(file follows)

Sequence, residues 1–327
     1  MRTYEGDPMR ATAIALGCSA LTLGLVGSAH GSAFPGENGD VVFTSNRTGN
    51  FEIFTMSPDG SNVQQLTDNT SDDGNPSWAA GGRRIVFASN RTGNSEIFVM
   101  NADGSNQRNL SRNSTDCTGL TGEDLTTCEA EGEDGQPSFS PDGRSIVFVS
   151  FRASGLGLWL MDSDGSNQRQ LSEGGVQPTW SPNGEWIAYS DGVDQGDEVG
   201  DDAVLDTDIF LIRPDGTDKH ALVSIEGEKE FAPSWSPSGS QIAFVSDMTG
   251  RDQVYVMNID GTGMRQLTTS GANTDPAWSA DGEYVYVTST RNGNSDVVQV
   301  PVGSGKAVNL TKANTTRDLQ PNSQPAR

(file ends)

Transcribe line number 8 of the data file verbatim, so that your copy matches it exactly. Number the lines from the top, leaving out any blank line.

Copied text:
   301  PVGSGKAVNL TKANTTRDLQ PNSQPAR